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South Pacific at Chichester Festival Theatre | Review

These days one wouldn’t have the likes of Nellie Forbush (Gina Beck) bluntly telling, albeit apologetically, Emile de Bacque (Julian Ovenden) that any possible signs of a blossoming relationship have zero chance of coming to fruition on account of Emile being a widower to someone who wasn’t white. Except that one might, but perhaps the explicitly stated reasons for not wanting to go any deeper with someone else would be rather more circumspect. Lt Joseph Cable (Rob Houchen) also decides against going any further with local girl Liat (Sara Maehara), though he might have had a lucky escape of sorts, with Liat’s mother, known as Bloody Mary (Joanna Ampil) wanting to marry her daughter off for what she perceives to be maximum financial gain.

Julian Ovenden as Emile, Gina Beck as Nellie in Chichester Festival Theatre’s SOUTH PACIFIC - Photo Johan Persson.
Julian Ovenden as Emile, Gina Beck as Nellie in Chichester Festival Theatre’s SOUTH PACIFIC – Photo Johan Persson.

South Pacific, set in World War Two, in the, um, South Pacific islands, must have been somewhat progressive when it first hit Broadway in 1949, with a stance on racism that remains pertinent to this day. Cable sings ‘You’ve Got to Be Carefully Taught’, in which he makes it clear that the sort of “hate and fear” of “people whose skin is a different shade” is not something that anybody is born with. But elsewhere, there’s a lot of fun to be had, particularly in the larger ensemble numbers. I shouldn’t really call them ensemble numbers, as there is, technically, no ensemble: each and every one of the thirty-three characters on stage is given a name.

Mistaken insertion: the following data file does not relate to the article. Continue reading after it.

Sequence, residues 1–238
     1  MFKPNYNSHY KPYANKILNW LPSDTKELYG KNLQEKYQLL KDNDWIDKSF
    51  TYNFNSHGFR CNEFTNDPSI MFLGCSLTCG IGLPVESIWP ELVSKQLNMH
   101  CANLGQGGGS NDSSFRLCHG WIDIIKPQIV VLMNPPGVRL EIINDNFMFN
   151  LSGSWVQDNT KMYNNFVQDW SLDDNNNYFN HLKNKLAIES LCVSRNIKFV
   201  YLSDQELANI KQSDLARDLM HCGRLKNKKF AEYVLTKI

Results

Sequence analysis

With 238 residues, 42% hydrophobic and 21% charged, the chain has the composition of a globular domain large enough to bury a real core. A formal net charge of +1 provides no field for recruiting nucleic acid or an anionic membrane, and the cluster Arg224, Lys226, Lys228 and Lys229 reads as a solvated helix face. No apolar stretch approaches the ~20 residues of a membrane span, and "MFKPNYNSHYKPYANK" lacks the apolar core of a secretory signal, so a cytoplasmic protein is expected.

This is all very much Chichester Festival Theatre doing Rodgers and Hammerstein – it’s dazzling stuff, sung with verve and conviction, with choreography drilled to (just about) perfection. Keir Charles’ Luther Billis has great stage presence, leading the other ‘Seabees’ (enlisted members of the United States Naval Construction Battalions – yes, I did look that up) in an enthusiastic rendering of ‘There is Nothin’ Like A Dame’. It’s a long first act, with twenty musical numbers – the second act has eight – and I’m not sure everything in the show was entirely suitable for the young children in the audience: the show has young children in it, but they aren’t on stage when military men are attempting to satisfy their urges.

It’s also one of those shows with memorable and popular tunes – it’s hardly by accident that despite never having seen a stage production of South Pacific before, I recognised the likes of ‘I’m Gonna Wash That Men Right Outta My Hair’ and ‘Younger Than Springtime’. Beck and Ovenden, in the lead roles, are sublime in ‘Some Enchanted Evening’. The vocal ranges are impressive. Hints of British understatement occasionally permeate through, however: there is some water on stage during a shower scene, but nobody is as drenched as they would be had they actually had a shower.

Musicals move at a faster pace than they did in Rodgers and Hammerstein’s heyday (and I’m not just talking about Hamilton). But this production is slick, and suitably timed to military precision, with scene changes sometimes already underway before a musical number (and therefore a scene) is over. The stage revolve has plenty of action, and with a song-and-dance score that has aged remarkably well, this delayed revival is well worth the wait. A bold and beautiful production.